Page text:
July 16, 2014

Brand Positioning on Originality and Simplicity

July 16, 2014

Brand Positioning on Originality and Simplicity


In the previous post, we talked about the brand positioning territory of size, where a brand offers the most of something or the largest of something. In this article, we cover businesses that position their brand towards originality or simplicity.

To give you some context, the concept of brand positioning is outlined first.


The Concept of Brand Positioning

Our perceptions are selective and our memory is highly selective. Harvard psychologist George Miller proposed that only seven 'chunks' of information, like seven brands in a category, can easily be held in short-term memory.

Therefore, the importance of good brand positioning is crucial for the success of a business.

Positioning is about defining that single thought or idea you want to own and then focusing on owning it. This strongest and most persuasive thought in the customers mind must be true to you, relevant to your audience and must make it difficult for your competition to compete.

Brand Position

Most businesses talk about the same things and forget to mention the things that make them truly different. If you're competing with a giant in your category and talk about the same things, you'll lose.


First: We Are the Original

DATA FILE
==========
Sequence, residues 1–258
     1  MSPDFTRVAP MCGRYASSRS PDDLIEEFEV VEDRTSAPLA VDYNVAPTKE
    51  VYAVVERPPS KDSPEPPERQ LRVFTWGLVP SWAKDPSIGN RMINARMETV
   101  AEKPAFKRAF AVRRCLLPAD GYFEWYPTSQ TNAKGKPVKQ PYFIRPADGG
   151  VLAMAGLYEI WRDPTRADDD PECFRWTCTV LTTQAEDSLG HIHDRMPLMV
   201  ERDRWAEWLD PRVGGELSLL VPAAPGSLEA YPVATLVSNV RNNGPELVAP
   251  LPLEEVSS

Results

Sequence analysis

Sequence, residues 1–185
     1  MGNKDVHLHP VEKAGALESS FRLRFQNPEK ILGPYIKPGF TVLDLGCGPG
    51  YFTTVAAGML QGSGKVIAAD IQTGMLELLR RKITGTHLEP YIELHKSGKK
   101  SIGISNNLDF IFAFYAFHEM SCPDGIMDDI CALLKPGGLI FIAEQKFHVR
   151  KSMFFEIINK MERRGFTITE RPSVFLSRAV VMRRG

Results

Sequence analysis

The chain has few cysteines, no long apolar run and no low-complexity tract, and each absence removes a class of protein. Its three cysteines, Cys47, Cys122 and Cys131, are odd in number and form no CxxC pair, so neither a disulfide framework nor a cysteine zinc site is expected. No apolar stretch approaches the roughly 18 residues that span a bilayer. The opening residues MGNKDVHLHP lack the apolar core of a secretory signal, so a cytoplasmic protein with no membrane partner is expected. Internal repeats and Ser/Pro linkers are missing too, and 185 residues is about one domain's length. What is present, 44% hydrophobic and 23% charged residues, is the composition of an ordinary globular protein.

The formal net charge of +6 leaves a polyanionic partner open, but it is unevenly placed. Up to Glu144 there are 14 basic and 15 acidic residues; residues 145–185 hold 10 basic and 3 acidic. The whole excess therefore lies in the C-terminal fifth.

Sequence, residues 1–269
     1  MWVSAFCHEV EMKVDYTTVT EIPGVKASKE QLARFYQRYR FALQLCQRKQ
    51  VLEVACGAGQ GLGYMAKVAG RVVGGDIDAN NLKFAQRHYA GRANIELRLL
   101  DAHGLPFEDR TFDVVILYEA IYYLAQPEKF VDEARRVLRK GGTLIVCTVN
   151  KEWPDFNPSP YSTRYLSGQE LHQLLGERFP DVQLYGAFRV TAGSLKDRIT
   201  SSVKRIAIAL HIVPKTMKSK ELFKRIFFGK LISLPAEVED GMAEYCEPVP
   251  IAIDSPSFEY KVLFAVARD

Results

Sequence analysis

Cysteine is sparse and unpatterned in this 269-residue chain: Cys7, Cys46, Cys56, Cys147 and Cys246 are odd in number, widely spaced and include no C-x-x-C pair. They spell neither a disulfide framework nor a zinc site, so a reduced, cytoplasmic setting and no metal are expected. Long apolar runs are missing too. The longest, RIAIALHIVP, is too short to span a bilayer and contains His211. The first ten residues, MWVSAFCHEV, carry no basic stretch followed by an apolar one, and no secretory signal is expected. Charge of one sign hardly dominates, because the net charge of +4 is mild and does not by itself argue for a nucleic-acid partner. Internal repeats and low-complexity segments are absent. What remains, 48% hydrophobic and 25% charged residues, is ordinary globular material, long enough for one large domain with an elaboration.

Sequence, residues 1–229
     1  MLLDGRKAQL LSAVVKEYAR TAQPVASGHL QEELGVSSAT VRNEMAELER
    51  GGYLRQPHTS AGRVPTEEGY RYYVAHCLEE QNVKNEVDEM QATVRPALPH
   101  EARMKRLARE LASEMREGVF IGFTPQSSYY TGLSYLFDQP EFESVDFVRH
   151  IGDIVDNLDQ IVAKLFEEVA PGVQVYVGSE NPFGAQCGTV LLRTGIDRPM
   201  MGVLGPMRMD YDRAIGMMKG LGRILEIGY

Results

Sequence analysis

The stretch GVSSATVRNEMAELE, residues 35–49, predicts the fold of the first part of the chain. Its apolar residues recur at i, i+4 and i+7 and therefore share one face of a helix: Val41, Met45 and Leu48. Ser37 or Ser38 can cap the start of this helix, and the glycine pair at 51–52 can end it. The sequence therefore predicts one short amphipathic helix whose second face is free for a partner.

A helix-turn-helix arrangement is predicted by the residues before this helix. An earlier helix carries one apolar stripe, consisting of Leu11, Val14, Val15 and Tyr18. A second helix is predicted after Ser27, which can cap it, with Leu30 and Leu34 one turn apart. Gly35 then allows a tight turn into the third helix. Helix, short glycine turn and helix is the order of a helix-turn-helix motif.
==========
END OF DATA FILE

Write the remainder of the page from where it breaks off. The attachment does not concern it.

Brands that have been in their industry the longest may position their brand towards being the 'original' brand. This adds reliability and increases the perception of the brand's quality.

For instance, Paddy Pallin and Westpac dominate the 'first' territory by using the words 'first' and 'since'.


Ease: The Simplest to Use

Ease - The Simplest To Use

The ease positioning territory is used for products and services that are simple to use or make life easier. Ikea focuses their positioning around the simple and easy assembly of their products, while ING focuses on removing the complexity of financial services.

Read the next post to learn about the positioning territories of speed and reliability.


This is the second post in the series called Brand Positioning Territories.

Editor’s note: This article has been updated for relevance and freshness.

Image credits: AdAge | Creativity-online.com



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